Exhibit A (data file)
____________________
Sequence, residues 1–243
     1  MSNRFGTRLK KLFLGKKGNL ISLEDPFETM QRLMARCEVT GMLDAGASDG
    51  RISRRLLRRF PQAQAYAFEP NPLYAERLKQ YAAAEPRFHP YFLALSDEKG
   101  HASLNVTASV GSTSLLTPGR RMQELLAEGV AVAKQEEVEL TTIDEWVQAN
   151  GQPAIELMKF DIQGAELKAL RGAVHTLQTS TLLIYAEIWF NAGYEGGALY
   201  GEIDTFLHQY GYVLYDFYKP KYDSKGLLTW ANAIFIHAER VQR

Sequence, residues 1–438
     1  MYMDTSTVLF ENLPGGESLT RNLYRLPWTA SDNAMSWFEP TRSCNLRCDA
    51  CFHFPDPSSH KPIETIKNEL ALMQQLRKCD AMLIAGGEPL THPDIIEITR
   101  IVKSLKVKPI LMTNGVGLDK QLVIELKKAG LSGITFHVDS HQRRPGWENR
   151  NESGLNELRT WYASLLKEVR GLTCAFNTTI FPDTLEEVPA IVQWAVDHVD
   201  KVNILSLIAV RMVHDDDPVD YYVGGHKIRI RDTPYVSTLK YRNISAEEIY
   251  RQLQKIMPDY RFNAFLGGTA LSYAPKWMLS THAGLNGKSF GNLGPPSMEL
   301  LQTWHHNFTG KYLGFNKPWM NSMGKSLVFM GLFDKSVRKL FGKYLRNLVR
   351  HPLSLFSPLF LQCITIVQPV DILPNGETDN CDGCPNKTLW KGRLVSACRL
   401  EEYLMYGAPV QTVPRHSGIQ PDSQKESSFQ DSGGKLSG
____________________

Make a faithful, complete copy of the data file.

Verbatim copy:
Sequence, residues 1–243
     1  MSNRFGTRLK KLFLGKKGNL ISLEDPFETM QRLMARCEVT GMLDAGASDG
    51  RISRRLLRRF PQAQAYAFEP NPLYAERLKQ YAAAEPRFHP YFLALSDEKG
   101  HASLNVTASV GSTSLLTPGR RMQELLAEGV AVAKQEEVEL TTIDEWVQAN
   151  GQPAIELMKF DIQGAELKAL RGAVHTLQTS TLLIYAEIWF NAGYEGGALY
   201  GEIDTFLHQY GYVLYDFYKP KYDSKGLLTW ANAIFIHAER VQR

Sequence, residues 1–438
     1  MYMDTSTVLF ENLPGGESLT RNLYRLPWTA SDNAMSWFEP TRSCNLRCDA
    51  CFHFPDPSSH KPIETIKNEL ALMQQLRKCD AMLIAGGEPL THPDIIEITR
   101  IVKSLKVKPI LMTNGVGLDK QLVIELKKAG LSGITFHVDS HQRRPGWENR
   151  NESGLNELRT WYASLLKEVR GLTCAFNTTI FPDTLEEVPA IVQWAVDHVD
   201  KVNILSLIAV RMVHDDDPVD YYVGGHKIRI RDTPYVSTLK YRNISAEEIY
   251  RQLQKIMPDY RFNAFLGGTA LSYAPKWMLS THAGLNGKSF GNLGPPSMEL
   301  LQTWHHNFTG KYLGFNKPWM NSMGKSLVFM GLFDKSVRKL FGKYLRNLVR
   351  HPLSLFSPLF LQCITIVQPV DILPNGETDN CDGCPNKTLW KGRLVSACRL
   401  EEYLMYGAPV QTVPRHSGIQ PDSQKESSFQ DSGGKLSG